It's up to you. This is what a top manager would do.

If you don't have these conversations with your people, it's unlikely anyone else will.

A costly mistake.

Failing to grow your people will cost you quite a bit of money and time.

Based on the Deloitte study above, if you have a team of 10, then over a 5 year period, you'll have to replace 3-4 more team members. With each team member costing as much as $65,000 to replace, that's over $260,000 in lost time, money, resources, and productivity.

why don't more managers do what a top manager does?

Why doesn't this happen?

If all these studies, and the actions of employees, show how important this is, why isn't everyone already doing it? It's a fair question, and one that every manager struggles with, even if you buy into the importance.

No Role Models

As the saying goes, "When in Rome, do as the Romans do." The strongest form of leadership is the example a leader sets. If a leader isn't investing in growth, it signals to others in the organization it's not important for them to do it either.

Even if you want to grow your team while others don't, you may struggle if you never had a boss help you grow. Having a model of what to do can provide much needed confidence and ideas of what to try.

Limited Promotions

Companies are getting flatter. As a study by CEB of HR leaders shows, most organizations won't be adding much hierarchy in the near future:

a top manager knows how to grow their people despite CEB showing fewer promotions available

The easiest career advancement to work with people on is a promotion; it's clear cut, easy to agree on next steps, and usually comes with a raise. Unfortunately, as the chart above shows, that option is going to be available less and less in coming years.  This forces many managers to get creative and find ways to grow people without a promotion.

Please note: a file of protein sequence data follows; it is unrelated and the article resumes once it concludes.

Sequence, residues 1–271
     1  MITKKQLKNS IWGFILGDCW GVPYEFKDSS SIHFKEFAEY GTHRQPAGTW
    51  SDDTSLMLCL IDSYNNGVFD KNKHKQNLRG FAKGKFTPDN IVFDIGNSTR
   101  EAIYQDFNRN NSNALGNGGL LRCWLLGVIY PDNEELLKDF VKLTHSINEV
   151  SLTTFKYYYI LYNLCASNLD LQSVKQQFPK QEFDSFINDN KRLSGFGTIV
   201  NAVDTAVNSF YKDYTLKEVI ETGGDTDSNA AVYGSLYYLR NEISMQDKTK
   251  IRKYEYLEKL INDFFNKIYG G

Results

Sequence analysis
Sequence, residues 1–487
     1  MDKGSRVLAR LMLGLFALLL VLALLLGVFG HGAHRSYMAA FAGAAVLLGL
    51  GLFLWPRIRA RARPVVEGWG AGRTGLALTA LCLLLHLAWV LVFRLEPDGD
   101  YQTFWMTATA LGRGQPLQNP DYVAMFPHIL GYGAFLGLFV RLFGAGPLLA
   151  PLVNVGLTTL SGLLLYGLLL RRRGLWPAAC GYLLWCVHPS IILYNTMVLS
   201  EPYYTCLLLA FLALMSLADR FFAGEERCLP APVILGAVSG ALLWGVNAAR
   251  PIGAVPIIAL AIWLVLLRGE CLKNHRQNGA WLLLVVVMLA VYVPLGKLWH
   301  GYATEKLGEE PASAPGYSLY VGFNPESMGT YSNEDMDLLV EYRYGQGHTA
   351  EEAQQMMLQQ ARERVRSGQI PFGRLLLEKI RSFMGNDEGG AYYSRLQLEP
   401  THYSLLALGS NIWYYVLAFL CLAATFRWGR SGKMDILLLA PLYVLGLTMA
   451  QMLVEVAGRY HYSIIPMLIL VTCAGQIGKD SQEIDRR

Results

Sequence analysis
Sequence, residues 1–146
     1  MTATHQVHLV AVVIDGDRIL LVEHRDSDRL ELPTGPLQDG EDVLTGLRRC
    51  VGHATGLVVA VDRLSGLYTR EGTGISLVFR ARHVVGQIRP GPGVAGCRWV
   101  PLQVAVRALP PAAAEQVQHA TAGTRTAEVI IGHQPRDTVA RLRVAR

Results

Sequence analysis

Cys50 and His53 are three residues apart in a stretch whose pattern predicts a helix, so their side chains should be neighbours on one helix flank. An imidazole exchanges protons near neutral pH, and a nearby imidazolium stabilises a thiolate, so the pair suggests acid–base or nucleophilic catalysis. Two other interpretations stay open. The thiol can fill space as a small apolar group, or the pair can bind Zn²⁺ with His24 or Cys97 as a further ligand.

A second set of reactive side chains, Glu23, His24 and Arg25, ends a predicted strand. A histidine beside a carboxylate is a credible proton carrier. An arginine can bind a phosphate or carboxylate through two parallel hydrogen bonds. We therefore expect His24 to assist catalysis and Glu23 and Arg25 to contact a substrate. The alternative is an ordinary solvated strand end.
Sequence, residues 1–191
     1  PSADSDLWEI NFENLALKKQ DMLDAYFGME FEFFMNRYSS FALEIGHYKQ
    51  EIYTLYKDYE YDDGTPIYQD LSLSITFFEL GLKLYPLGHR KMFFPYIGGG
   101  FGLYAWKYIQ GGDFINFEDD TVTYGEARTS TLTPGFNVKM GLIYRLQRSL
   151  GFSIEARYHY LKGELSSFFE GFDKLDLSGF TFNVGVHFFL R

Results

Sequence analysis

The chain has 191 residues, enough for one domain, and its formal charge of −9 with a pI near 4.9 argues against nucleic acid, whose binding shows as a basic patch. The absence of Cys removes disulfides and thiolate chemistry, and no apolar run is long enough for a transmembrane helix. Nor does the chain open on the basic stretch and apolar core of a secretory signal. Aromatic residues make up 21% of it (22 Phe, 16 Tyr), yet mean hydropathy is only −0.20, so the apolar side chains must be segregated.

Infinite Procrastination

You have the best of intentions. You imagine telling your team members, "I would love to talk to you about your career. Let's put some time on our calendars to do this next week." 

Unfortunately, scheduling time to talk like this rarely happens. Big projects fall behind, fires need fought, and a million other things quickly fill your calendar with other demands.

You never intended to miss talking about their growth for an entire review cycle, but it all too often happens. It's at that moment they realize they haven't made any progress. Then, they start looking for growth at another company.

a top manager knows the CEO is right not the CFO doubting investing in your people

How to help your people grow like a top manager

It's never been easier for employees to vote with their feet and leave a job. Whether they're an engineer getting 5-10 recruiter emails a day, or simply someone skilled in searching job boards online, a new job is never far from reach for many of your most valuable employees.  As a manager, this should scare you.

Turn that fear into motivation.  Here's how you can grow your people despite these many challenges.

andy grove knows what a top manager should do and a key is one on ones talking about growth

1) Use your one on ones to talk about their growth & development

Do you use your one on ones for status updates, or do you focus on what's important to your team members? The legendary leader of Intel, Andy Grove, knows that great one on ones are hugely motivating for your team.